American-Armenian’s Tax Nightmare in the Motherland
Recently, American-Armenian businessman Edmond Khudyan sent a letter to President Serzh Sargsyan, recounting the sad fate of his investments here in Armenia.
At the urging of his friends and acquaintances, Khudyan decided to make some business investments here. He now regrets this decision, and thus his letter to Sargsyan. During the past few years Khudyan, transferred some of his assets here to invest in real estate and setting up grape and fruit-tree orchards.
During a phone conversation, Khudyan said that he had placed his trust in his Armenian business adviser here.
“I was invited by someone with a well-known reputation. He guaranteed that I would not wind-up as yet another victim. That person’s reputation and position engendered confidence in me,” Khudyan wrote to President Sargsyan.
In 2005, Khudyan founded Arin Capital & Investment LLC. In December, 2007, Arin Capital launched construction of an 11 storey building on a parcel of land at 33 Mashtots Street in Yerevan belonging to Khudyan.
His principal partner was Vladislav Mangasaryan, owner of a consortium of construction companies. Eduard Yesayan, Khudyan’s childhood buddy, was named director of the company.
“Afterwards, according to the agreement, 21.3% of the 100% shares I owned in Arin were transferred over to Haygaz Sargsyan, upon Mangasaryan’s instructions. 17.6% went to Ghevond Galumyan as compensation to see that the company operated normally and meet all is obligations to the tax and other government agencies,” Khudyan wrote to President Sargsyan.
The history of this business story is so convoluted and intricate, that it makes sense to present some background regarding the players involved.
First off – who is Vladislav Mangasaryan?
Vlad, as he’s called by friends, was the deputy to the director of the Yerevanshin Factory during the Soviet era. Vlad loves to boast that during his life he has built some 6000,000 square meters worth of construction.
During the elite construction boom, Mangasaryan started to build in downtown Yerevan and other areas of the capital. Many of his buildings remain incomplete.
Mangasaryan is now building a luxury residence in Yerevan’s Davitashen neighborhood. In realty, he’s the director of the VERM construction company and pulls the strings over at Kamar Ltd. He’s also the shareholder and director of V.M.G. Group, an off-shoot of the other two.
On January 8, 2009, Yerevan’s Civil Court found Mangasaryan to be bankrupt.
In 2004, Mangasaryan was constructing a building at 4-A Teryan Street. To date, he still hasn’t allocated apartments to 16 individuals as originally promised. Naturally, these people have nothing nice to say about Mangasaryan.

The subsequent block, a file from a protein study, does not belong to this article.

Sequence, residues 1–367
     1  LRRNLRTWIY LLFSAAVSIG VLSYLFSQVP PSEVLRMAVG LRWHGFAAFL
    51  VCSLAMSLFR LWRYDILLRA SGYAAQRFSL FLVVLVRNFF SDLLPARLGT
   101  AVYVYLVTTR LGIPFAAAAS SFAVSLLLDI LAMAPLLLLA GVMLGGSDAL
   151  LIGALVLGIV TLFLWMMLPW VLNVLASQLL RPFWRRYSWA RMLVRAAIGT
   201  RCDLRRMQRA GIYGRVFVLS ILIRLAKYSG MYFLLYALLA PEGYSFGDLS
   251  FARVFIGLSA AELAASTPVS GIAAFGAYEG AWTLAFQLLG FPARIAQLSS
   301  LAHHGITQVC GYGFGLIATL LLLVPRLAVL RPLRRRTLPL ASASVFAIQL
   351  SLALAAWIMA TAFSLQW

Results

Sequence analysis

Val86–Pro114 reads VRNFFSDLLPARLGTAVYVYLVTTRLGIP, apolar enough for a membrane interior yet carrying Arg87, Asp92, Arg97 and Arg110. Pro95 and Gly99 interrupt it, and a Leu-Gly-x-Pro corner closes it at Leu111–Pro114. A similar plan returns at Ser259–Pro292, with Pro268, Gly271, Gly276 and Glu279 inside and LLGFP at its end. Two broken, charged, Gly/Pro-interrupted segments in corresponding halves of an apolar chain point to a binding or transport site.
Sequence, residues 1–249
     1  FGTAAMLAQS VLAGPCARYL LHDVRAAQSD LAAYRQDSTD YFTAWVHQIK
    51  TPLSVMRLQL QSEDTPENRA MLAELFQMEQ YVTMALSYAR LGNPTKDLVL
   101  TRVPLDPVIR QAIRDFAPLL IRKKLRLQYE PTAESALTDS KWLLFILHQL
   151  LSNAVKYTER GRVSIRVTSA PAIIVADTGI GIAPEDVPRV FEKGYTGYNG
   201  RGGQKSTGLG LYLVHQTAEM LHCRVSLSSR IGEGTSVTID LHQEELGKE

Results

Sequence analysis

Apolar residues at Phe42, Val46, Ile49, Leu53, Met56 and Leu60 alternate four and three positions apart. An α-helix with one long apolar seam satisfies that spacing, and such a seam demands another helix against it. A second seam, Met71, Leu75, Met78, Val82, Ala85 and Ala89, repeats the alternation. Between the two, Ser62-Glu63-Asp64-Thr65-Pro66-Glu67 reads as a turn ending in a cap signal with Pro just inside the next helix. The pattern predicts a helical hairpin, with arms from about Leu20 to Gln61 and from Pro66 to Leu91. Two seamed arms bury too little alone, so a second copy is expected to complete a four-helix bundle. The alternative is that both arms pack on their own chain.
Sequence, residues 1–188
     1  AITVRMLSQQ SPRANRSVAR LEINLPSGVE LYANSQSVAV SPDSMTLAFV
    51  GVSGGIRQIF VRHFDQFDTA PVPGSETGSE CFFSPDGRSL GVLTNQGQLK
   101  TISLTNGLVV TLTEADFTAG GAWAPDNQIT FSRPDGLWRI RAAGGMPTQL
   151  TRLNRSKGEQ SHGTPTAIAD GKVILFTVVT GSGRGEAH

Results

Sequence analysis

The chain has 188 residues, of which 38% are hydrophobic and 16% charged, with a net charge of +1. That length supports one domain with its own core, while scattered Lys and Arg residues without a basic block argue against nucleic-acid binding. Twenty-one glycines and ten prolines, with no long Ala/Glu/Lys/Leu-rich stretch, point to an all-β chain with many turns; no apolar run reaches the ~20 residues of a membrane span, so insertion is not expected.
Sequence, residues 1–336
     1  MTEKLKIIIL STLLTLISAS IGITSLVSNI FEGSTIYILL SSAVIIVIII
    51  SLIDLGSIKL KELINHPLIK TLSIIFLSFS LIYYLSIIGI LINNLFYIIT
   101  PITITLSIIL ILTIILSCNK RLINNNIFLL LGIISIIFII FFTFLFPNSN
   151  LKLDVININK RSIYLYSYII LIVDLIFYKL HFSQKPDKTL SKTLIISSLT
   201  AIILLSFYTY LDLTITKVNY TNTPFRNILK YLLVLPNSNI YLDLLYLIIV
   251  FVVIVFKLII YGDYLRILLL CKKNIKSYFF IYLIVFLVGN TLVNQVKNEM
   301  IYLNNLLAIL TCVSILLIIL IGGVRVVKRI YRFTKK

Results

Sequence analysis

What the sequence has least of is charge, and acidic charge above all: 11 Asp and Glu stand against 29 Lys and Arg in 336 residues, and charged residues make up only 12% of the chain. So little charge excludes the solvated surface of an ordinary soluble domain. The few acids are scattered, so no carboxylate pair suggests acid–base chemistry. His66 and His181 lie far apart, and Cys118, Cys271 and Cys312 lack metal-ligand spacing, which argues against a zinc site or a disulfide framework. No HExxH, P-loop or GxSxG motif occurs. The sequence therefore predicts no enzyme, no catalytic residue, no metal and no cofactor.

The land was obtained by Ghevond Galumyan back in the 1990s. Arsen Ghazaryan, Galumyan and Mangasaryan decided to erect a building on the site. Galumyan, a former top police official, wasn’t on good terms with then Minister of the Interior Vano Siradeghyan. As a result of the bad blood, Galumyan left Armenia.
Mangasaryan, with the deposit payments from the future residents, went ahead and erected the building along with Ghazaryan.
After Vano Siradeghyan left Armenia, Galumyan returned from his imposed exile. He demanded his share from Mangasaryan; around $1 million according to the preliminary agreement.
Mangasaryan was then called in by the police for questioning regarding some other mater. Galumyan intervened and had him released.
Galumyan is the principal stockholder in Yerevan’s cable factory; he owns 80% of the shares. He also owns some construction companies.
As I said, when Galumyan returned he demanded his share of the money from Mangasaryan. But our friend Vladislav was broke. His former friends say that Mangasaryan gambled away huge sums at the casinos.
At the time, Mangasaryan owed about $5 million to the Akounk Bank. In December, 20009, Armenia’s Central Bank found Akounk to be insolvent and liquidated its operations. (Akounk’s shadowy past is the theme for another time.)
What does all this have to do with our American-Armenian business man Ed KH? Readers will have to wait for the next edition of Hetq to find out.
In the meantime, let me just note that Khudyan has petitioned the President of the State Revenue Committee (SRC) for redress and that the agency’s investigators have been questioning both Mangasaryan and Yesayan.
Ani Torosyan, KH’s lawyer, has sent a file to SRC President Gagik Khachatryan, laying out all the details of her client’s business dealings here in Armenia.
She has urged the SRC to get to the bottom of the matter and find out who did what to get Arin Capital in the tax burden nightmare it now faces with the SRC.
The lawyer also demands that those responsible be criminally charged.
To be continued